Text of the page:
2012: movers, shakers and the heartbreakers
Nick Webb and Tom Lyons polled the top analysts to find out what the red-braced gurus with their fingers on the buy and sell buttons made of Irish business over the past year
WHICH boss of an Irish-listed company really tore up trees in 2012? Who bitterly disappointed investors? What about the smartest and cleverest deal of the year . . . and the one that stank the most?
We polled 40 of Ireland's and the UK's shrewdest fund managers, analysts and wealth management investors to pick their brains. The results are surprising.
MOST IMPRESSIVE CEO
They say he can walk on water. They say he can laser through metal using just his eyes. They say that Kerry group boss Stan McCarthy is the best damn chief executive in the country.
McCarthy positively romped home with the gong this year, having picked up a number of podium finishes in recent years. Paddy Power's Patrick Kennedy was toppled after a three-year winning spree. After all, Paddy Power's share price only rose by a pathetic 33 per cent in 2012!
The no-nonsense McCarthy has continued the extraordinary growth trajectory of food and ingredients giant Kerry throughout 2012. Despite grim trading conditions, McCarthy has been able to squeeze every last bit of oomph out of Kerry engines and grew profits by a healthy 14 per cent in H1.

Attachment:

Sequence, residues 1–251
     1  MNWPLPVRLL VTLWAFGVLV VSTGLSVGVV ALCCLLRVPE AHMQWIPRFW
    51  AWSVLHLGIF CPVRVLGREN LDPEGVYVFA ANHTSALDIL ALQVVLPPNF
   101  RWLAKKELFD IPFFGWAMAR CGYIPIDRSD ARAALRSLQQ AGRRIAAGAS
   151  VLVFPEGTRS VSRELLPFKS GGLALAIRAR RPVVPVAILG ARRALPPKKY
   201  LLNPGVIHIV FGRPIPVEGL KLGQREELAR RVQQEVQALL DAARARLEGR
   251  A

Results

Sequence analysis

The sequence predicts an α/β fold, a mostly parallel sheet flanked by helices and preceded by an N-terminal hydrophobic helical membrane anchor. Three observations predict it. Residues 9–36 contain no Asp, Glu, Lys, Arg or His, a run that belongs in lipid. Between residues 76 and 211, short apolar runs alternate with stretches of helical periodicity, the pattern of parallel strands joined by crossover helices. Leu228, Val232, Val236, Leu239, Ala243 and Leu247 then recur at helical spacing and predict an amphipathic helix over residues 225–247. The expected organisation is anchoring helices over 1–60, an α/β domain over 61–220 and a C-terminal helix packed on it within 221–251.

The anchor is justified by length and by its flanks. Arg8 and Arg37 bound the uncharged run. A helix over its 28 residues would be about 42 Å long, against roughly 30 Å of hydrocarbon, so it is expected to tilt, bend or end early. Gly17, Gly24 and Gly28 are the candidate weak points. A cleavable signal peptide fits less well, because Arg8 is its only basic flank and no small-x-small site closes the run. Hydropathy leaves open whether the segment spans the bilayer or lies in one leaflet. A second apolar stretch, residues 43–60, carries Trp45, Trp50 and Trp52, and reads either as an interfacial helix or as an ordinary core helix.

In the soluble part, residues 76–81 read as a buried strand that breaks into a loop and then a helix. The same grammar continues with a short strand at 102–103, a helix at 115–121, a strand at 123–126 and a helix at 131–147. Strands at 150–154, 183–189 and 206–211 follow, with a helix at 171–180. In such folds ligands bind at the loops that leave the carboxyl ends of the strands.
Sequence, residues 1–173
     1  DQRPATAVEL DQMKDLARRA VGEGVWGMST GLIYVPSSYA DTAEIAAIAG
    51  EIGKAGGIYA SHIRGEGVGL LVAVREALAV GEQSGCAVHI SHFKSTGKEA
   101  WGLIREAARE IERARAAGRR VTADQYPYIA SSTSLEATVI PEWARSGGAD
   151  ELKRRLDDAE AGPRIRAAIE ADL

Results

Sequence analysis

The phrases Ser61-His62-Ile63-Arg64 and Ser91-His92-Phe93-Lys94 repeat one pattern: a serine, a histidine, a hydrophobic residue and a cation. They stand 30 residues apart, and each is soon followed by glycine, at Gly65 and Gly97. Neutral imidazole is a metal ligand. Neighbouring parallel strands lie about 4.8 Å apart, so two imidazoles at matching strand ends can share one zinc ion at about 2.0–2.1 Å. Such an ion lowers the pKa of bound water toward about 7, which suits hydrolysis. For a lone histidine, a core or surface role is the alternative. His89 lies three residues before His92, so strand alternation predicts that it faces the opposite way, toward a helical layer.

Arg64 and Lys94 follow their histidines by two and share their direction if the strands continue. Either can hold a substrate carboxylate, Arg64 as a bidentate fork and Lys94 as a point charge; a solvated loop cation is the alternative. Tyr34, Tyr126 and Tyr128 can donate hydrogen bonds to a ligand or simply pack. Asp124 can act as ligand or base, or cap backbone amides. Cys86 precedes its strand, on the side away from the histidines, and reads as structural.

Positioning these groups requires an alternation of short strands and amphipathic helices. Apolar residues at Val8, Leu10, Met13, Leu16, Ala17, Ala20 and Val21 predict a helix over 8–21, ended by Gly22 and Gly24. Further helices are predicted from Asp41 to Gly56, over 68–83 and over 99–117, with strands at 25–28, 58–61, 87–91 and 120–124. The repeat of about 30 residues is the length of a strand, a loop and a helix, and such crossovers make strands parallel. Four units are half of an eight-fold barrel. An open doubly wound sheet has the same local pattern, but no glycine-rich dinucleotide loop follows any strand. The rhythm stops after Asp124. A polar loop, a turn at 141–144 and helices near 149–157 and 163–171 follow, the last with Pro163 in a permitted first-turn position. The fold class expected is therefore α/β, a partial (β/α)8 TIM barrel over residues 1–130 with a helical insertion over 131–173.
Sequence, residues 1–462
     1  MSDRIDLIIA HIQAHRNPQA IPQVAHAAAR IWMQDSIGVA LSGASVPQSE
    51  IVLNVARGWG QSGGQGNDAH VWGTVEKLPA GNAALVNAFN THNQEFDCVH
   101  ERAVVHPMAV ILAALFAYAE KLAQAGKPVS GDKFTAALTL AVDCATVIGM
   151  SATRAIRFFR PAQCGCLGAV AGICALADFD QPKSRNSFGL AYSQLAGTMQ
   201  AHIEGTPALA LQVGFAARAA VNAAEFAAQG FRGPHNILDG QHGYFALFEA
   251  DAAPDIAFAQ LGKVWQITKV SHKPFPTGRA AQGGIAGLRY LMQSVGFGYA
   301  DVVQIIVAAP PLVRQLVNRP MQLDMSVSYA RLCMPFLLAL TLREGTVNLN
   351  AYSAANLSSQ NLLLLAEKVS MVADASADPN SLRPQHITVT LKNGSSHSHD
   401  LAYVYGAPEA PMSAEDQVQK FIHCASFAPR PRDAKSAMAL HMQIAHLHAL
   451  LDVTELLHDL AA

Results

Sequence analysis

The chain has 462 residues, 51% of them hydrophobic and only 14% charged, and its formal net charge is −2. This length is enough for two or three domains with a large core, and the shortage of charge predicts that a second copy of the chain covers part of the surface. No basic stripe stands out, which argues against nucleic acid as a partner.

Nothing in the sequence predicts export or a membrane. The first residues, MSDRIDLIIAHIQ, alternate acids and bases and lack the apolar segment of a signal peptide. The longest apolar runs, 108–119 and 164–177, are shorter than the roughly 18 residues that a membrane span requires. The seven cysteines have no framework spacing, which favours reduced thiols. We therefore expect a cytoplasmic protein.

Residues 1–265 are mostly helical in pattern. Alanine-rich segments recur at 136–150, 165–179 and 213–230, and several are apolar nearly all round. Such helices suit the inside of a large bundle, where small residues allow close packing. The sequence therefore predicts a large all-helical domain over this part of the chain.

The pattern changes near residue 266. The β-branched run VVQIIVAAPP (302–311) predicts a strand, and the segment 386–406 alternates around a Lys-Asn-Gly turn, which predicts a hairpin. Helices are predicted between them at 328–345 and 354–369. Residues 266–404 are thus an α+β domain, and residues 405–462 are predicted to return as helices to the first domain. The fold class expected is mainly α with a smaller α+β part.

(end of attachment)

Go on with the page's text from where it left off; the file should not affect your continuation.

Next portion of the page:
It looks like Steady Eddie rather than Stig . . . but it's not. There's an awful lot going on under the hood at the €7bn valued food giant. And shares are up 46 per cent in the year.
Patrick Kennedy was a distant second, with Glanbia's John Moloney and Ryanair's Michael O'Leary in the lesser placings. Honourable mentions for Kingspan's Gene Murtagh and Christoph Mueller at Aer Lingus.
CRH boss Myles Lee is a surprise winner of the least coveted prize in Irish business. Irish and UK fund managers, analysts and wealth managers voted Lee to be the least impressive CEO of 2012.
Lee takes over the mantle from last year's winner, Greencore's Patrick Coveney, who had a far better 2012. He didn't even get a single bad vote this year.